Skip to content

SANParks.org Forums

View unanswered posts | View active topics






Post new topic Reply to topic  Page 1 of 1
 [ 2 posts ] 
Author Message
 Post subject: Impala lambing - the myths, facts and signs
Unread postPosted: Sat Nov 19, 2011 4:30 pm 
Offline
Moderator
Moderator
User avatar

Joined: Thu Dec 30, 2004 5:54 pm
Posts: 43026
Location: Somerset West, Cape Town
Image

One of the attractions to visit Kruger in November for me, is to see impala lambs. They are really so cute.

The myths and facts on the whole lambing issue have been discussed on these forums some time back but in scattered topics.

Do the impala wait for the summer rains to start before dropping their lambs? This is a myth I have read.

Now in the park, and watching for lambs, and especially hoping to see a birth, I would like to ask the experts, what are the signs that a ewe is going to give birth. How long will the process last. Does anyone know the success rate of the lambs born in one year making it to maturity.

We observed a ewe yesterday that was holding her tail up, and she seemed to be dilating ... is this a sign she would give birth soon, and how soon? She was separate from the herd, but feeding comfortably.

We also saw a carcass of a lamb, taken by a baboon right after birth, on the S100. I have witnessed baboon actually eat a baby impala ....

Please help debunk the myths and shed some further light on this wonder of nature .... the lambing of impala.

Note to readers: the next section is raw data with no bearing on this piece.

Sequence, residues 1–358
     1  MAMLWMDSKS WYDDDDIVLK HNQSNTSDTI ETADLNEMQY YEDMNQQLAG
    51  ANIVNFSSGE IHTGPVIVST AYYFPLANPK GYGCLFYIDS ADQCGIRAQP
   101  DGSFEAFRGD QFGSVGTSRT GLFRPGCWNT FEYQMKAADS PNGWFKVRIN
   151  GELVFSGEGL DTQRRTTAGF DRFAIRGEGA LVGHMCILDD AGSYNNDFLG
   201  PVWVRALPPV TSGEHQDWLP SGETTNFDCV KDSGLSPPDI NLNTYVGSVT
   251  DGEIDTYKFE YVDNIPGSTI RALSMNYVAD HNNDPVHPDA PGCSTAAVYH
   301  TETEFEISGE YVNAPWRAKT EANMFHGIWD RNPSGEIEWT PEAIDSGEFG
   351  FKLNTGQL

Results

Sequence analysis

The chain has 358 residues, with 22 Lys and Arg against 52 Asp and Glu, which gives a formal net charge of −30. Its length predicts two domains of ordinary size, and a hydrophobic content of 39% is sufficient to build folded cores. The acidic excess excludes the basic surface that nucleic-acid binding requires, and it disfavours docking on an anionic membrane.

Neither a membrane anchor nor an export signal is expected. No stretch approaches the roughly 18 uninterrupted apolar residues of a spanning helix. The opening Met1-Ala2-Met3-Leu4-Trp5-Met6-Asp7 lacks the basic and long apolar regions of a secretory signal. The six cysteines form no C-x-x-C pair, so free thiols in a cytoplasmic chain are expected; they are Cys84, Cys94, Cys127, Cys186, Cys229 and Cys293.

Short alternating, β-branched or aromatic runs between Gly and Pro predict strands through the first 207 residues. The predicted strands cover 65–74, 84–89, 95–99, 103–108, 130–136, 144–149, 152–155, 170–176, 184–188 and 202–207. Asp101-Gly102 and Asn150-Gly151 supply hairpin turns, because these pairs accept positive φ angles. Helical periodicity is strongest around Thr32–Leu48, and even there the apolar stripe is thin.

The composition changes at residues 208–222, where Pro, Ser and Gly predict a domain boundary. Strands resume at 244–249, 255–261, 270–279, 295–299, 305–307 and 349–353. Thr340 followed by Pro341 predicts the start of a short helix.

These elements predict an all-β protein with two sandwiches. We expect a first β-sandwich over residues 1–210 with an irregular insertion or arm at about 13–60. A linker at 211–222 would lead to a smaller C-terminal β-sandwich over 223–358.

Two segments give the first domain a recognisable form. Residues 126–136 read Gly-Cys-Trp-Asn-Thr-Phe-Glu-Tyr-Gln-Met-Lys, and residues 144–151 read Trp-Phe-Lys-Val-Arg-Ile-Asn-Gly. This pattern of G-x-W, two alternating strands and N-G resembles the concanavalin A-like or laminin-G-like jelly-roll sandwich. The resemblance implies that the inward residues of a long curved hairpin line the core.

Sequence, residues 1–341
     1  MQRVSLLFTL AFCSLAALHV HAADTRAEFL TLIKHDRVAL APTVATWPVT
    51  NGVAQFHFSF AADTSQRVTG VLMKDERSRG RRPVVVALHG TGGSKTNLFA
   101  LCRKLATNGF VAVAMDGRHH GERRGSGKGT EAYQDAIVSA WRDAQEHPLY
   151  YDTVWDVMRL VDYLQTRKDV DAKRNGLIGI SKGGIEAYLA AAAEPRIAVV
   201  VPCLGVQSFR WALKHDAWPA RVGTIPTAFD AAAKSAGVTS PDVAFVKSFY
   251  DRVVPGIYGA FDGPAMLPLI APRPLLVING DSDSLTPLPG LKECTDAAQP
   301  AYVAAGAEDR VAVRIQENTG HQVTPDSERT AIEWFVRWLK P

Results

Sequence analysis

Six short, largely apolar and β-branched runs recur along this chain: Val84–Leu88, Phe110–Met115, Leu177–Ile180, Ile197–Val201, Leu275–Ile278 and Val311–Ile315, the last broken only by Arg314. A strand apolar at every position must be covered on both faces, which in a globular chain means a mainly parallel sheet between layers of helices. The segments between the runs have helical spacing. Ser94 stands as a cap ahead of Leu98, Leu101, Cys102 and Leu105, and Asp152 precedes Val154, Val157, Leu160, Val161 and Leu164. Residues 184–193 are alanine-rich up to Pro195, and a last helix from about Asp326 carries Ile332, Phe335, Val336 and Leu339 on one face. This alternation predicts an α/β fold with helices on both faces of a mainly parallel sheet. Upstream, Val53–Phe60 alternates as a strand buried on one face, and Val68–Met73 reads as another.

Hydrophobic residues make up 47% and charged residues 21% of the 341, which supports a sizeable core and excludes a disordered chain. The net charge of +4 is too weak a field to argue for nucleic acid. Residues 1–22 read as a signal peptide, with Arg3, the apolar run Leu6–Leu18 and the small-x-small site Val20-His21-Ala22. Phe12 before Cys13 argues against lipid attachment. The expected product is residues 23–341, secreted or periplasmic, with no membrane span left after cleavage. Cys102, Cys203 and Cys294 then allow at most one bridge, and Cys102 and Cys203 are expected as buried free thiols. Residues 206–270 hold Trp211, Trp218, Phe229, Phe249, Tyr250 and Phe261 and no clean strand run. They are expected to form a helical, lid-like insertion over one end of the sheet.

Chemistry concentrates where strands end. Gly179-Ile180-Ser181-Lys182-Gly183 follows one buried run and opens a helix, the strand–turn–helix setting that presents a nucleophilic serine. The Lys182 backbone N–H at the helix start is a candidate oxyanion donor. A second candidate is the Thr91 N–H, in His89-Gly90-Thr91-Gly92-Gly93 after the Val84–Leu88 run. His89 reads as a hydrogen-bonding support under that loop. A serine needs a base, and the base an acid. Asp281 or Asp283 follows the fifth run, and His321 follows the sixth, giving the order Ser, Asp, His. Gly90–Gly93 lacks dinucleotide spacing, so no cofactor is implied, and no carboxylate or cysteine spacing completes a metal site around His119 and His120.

_________________
Sawubona
Dalene


It's not too late at all. You just don't yet know what you are capable of. Mahatma Gandhi


Top
 Profile  
 
 Post subject: Re: Impala lambing - the myths, facts and signs
Unread postPosted: Sat Nov 19, 2011 5:16 pm 
Offline
Legendary Virtual Ranger
Legendary Virtual Ranger
User avatar

Joined: Sat Oct 06, 2007 7:05 am
Posts: 7394
Location: ..on the road again.....
Excellent topic!

Simple logic shows the 'waiting for rains' story to be a myth. The longer a baby takes to be born, the bigger it is - many human mums have discovered this! So 'holding on to the baby' would not be a good idea even if they could do it. The birthing time is determined by the rutting season. However once the ewes begin giving birth the rest of the ewes are triggered into also giving birth so the babies arrive at much the same time.

The ewe will move away from the rest to give birth, so at the moment a ewe on her own looking a little nervous may be about to give birth, or even have recently given birth....

_________________
Smiling is contagious. Start an epidemic today!

Have you read the gate leaflet? Do you KNOW the regulations?

Completed over 5 years in Kruger in my caravan.

If I were normal I wouldn't be me!


Top
 Profile  
 
Display posts from previous:  Sort by  
Post new topic Reply to topic  [ 2 posts ] 



Who is online

Users browsing this forum: John Burton and 1 guest


You cannot post new topics in this forum
You cannot reply to topics in this forum
You cannot edit your posts in this forum
You cannot delete your posts in this forum
You cannot post attachments in this forum

Powered by phpBB © 2000, 2002, 2005, 2007 phpBB Group

Webcams Highlights

Addo Nossob Orpen Satara
Addo Nossob Orpen Satara
Submitted by steffi at 17:07:37 Submitted by fenman5 at 20:29:45 Submitted by Kokkewiet at 17:19:31 Submitted by MxM at 10:14:10